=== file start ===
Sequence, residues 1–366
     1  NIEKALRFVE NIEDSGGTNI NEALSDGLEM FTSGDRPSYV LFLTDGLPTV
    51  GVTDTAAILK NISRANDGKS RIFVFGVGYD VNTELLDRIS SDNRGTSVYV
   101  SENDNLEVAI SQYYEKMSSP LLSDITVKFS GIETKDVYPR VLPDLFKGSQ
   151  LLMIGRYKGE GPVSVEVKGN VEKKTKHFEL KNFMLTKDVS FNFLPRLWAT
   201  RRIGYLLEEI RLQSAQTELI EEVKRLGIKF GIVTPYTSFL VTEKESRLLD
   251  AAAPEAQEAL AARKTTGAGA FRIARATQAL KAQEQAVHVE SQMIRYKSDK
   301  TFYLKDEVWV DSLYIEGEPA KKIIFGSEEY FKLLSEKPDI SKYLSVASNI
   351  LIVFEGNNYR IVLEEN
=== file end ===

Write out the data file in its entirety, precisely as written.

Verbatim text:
Sequence, residues 1–366
     1  NIEKALRFVE NIEDSGGTNI NEALSDGLEM FTSGDRPSYV LFLTDGLPTV
    51  GVTDTAAILK NISRANDGKS RIFVFGVGYD VNTELLDRIS SDNRGTSVYV
   101  SENDNLEVAI SQYYEKMSSP LLSDITVKFS GIETKDVYPR VLPDLFKGSQ
   151  LLMIGRYKGE GPVSVEVKGN VEKKTKHFEL KNFMLTKDVS FNFLPRLWAT
   201  RRIGYLLEEI RLQSAQTELI EEVKRLGIKF GIVTPYTSFL VTEKESRLLD
   251  AAAPEAQEAL AARKTTGAGA FRIARATQAL KAQEQAVHVE SQMIRYKSDK
   301  TFYLKDEVWV DSLYIEGEPA KKIIFGSEEY FKLLSEKPDI SKYLSVASNI
   351  LIVFEGNNYR IVLEEN